Choosing the right M&A attorney

pexels-photoThe Mergers and Acquisitions (M&A) attorney is a very important team member during your transaction. If you have an M&A advisor, then I would say the attorney and the M&A advisor are the most important external team members. You need also a good CPA, but the attorney and the M&A advisor are more involved in the negotiation stage.

Some of the most important questions you need to answer in order to help choose the right attorney for your situation are:

  • How’s the relationship between you and the attorney? If you have an M&A advisor be sure to involve them in selecting the right attorney.
  • Has your attorney done deals of similar complexity and size? Ask for references and do follow them up.
  • Does the law firm also have experienced in-house patent, tax, international law and labour relations professionals? This is important, because when it’s time to draft and review a sale agreement you don’t want to be introducing an additional law firm.

In my experience one additional question is very important: do you trust your attorney’s negotiating skills?

Typically start-ups have only a very small team involved in the negotiations. On the other hand, corporate buyers might assign larger teams to the deal. With more members on the table the buyer can appoint ‘bad guys’ and ‘good guys’ to the negotiating team: the ‘good guys’ explain, in a nice way, the reasons why the ‘bad guys’ cannot approve what you asked for. In this dance between your team and the buyer’s it’s very important that your attorney is able to defend your position in the best possible way across a broad range of topics. Your M&A advisor can be a great help in bringing the discussion to a fair and reasonable level too. Be aware, however, that as most discussions end up as clauses in the contract it’s always the lawyer who helps to nail down the final details.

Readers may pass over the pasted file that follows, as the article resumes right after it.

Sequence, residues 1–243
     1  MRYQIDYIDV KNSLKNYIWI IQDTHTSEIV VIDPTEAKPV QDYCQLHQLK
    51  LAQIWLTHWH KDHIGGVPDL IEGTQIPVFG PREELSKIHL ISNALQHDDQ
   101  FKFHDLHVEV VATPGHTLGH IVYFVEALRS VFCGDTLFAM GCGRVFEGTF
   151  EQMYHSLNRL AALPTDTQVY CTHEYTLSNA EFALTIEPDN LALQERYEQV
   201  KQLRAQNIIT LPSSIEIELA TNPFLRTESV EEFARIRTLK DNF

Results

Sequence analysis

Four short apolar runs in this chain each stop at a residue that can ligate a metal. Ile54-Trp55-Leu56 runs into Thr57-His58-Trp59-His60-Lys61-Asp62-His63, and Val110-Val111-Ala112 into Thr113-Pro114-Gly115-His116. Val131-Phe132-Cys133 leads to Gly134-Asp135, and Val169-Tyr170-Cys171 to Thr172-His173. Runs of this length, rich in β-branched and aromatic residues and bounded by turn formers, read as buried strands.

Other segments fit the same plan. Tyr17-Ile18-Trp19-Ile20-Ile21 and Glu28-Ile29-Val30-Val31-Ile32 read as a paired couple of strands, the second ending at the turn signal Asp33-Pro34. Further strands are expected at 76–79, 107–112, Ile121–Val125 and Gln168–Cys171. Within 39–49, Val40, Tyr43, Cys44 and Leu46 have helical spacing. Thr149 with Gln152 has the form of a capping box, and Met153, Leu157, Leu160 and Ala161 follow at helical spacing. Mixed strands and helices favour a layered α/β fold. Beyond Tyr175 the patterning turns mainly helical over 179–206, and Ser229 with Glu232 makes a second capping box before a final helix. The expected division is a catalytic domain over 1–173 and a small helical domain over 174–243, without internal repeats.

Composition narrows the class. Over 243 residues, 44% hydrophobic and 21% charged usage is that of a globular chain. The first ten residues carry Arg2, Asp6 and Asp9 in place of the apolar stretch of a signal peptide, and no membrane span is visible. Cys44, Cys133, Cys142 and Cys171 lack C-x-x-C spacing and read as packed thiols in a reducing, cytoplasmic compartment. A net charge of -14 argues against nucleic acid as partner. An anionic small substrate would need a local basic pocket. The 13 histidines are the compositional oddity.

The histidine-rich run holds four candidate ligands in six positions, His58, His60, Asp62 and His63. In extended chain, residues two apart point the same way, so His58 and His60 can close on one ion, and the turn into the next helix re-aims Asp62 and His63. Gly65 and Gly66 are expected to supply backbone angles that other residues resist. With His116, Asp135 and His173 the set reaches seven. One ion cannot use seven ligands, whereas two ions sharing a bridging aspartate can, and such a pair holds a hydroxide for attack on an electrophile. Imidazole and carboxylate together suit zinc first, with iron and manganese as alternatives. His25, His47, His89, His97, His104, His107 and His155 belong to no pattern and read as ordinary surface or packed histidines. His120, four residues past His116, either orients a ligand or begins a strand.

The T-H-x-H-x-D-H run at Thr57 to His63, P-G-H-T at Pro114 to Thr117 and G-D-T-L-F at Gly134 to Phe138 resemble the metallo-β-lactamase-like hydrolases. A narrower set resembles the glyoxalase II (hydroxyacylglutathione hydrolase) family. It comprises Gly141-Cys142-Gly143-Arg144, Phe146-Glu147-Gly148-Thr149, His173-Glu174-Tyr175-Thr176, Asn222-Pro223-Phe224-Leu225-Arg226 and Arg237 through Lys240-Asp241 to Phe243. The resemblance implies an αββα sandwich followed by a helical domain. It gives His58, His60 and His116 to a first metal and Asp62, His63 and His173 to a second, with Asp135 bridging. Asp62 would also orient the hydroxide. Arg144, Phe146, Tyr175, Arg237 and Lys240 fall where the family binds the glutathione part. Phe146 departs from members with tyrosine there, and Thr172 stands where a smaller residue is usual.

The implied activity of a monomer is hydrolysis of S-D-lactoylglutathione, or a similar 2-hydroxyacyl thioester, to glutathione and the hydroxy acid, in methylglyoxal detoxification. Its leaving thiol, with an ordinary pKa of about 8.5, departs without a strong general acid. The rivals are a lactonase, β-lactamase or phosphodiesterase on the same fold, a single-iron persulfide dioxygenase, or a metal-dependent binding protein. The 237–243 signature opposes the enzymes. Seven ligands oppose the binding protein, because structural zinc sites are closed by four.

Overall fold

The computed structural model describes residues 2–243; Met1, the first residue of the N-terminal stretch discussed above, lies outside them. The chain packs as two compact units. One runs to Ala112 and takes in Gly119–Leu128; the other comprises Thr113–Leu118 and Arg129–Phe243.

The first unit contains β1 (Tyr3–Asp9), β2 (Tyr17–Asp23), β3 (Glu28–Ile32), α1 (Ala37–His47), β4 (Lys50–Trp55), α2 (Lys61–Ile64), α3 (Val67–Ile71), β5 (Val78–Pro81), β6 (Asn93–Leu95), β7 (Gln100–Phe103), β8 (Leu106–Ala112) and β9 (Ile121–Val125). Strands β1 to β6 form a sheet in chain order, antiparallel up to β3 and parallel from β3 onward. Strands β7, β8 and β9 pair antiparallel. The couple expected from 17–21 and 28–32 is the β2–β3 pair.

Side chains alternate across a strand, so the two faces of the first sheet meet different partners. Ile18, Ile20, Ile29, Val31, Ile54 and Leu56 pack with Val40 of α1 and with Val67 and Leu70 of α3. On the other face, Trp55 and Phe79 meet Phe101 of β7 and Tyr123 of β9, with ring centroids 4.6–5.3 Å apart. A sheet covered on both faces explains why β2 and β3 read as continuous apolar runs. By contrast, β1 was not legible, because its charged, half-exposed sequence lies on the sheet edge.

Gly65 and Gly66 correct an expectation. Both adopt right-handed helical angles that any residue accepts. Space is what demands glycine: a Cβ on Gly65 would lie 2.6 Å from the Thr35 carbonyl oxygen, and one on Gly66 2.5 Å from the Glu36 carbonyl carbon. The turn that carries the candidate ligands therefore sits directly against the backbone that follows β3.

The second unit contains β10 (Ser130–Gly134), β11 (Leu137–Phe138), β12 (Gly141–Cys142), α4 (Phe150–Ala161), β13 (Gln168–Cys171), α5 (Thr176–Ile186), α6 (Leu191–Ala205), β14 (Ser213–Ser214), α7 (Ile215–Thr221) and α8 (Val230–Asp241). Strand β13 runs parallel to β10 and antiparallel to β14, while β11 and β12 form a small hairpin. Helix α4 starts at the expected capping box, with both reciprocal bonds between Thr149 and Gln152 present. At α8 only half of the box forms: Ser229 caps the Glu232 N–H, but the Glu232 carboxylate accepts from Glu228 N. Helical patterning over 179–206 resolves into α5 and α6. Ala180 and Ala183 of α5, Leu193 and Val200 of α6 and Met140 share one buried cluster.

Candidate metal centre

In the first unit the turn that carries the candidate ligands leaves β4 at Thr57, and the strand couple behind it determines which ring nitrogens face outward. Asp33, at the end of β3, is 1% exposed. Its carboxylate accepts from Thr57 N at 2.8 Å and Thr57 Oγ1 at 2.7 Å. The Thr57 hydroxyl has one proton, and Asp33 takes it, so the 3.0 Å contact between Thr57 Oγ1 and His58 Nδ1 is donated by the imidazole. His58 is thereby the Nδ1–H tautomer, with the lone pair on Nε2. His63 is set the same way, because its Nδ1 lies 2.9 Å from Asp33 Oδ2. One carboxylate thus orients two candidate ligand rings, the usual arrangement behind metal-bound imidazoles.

There is one very important additional element in this dance: if you are not ready to walk away from the negotiations you may end up not signing the best possible deal. I’ll write a separate post about that topic in the future.


Selling Tip: Can you organise a bidding war?


Buyers and sellers try to determine the right valuation of the company based on revenue, free cash flow and profits. Most of these transactions are supported by Excel calculations.

However, from time to time there are deals that stand out. Companies where it seems that their market has no significant barriers to entry and who only have a few team members get very high valuations.

According to Corum’s president, Net Burgess, the reasons for such high valuations are typically:

  1. A robust IP portfolio protecting critical ground in an emerging market
  2. High-value software that gives the buyer a time-to-market advantage in a high-value market
  3. A rock star team

If you are already in the selling process and do not have (1) or (3), you should think about what you can you do to establish a situation where two or more buyers are so interested in your time-to-market advantage that they make increasingly higher offers above what they would normally be willing to pay:

  • Try to engage competitors to bid for your company.
  • Try to generate a climate that gives each potential buyer the feeling that they are not alone and that there are other buyers that could hurt them if they buy your company. (Note: Be careful about what you say as typically you will have to sign NDAs.)
  • Try to generate a sense of urgency, even if not all buyers are that active.
  • Seek support from a M&A advisor with a good reputation. This gives buyers the impression that there are most likely other potential buyers on the table as well.